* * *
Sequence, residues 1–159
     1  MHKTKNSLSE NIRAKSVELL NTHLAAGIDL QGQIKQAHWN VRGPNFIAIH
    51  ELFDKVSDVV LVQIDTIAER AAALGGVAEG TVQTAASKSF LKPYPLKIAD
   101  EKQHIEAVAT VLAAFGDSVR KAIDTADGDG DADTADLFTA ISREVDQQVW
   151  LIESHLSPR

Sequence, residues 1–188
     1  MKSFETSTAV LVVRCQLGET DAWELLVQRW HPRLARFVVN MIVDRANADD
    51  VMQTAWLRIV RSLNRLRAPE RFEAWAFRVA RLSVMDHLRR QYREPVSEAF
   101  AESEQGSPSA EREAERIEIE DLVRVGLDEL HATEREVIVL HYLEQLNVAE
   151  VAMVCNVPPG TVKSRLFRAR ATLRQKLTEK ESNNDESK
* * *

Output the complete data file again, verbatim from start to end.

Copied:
Sequence, residues 1–159
     1  MHKTKNSLSE NIRAKSVELL NTHLAAGIDL QGQIKQAHWN VRGPNFIAIH
    51  ELFDKVSDVV LVQIDTIAER AAALGGVAEG TVQTAASKSF LKPYPLKIAD
   101  EKQHIEAVAT VLAAFGDSVR KAIDTADGDG DADTADLFTA ISREVDQQVW
   151  LIESHLSPR

Sequence, residues 1–188
     1  MKSFETSTAV LVVRCQLGET DAWELLVQRW HPRLARFVVN MIVDRANADD
    51  VMQTAWLRIV RSLNRLRAPE RFEAWAFRVA RLSVMDHLRR QYREPVSEAF
   101  AESEQGSPSA EREAERIEIE DLVRVGLDEL HATEREVIVL HYLEQLNVAE
   151  VAMVCNVPPG TVKSRLFRAR ATLRQKLTEK ESNNDESK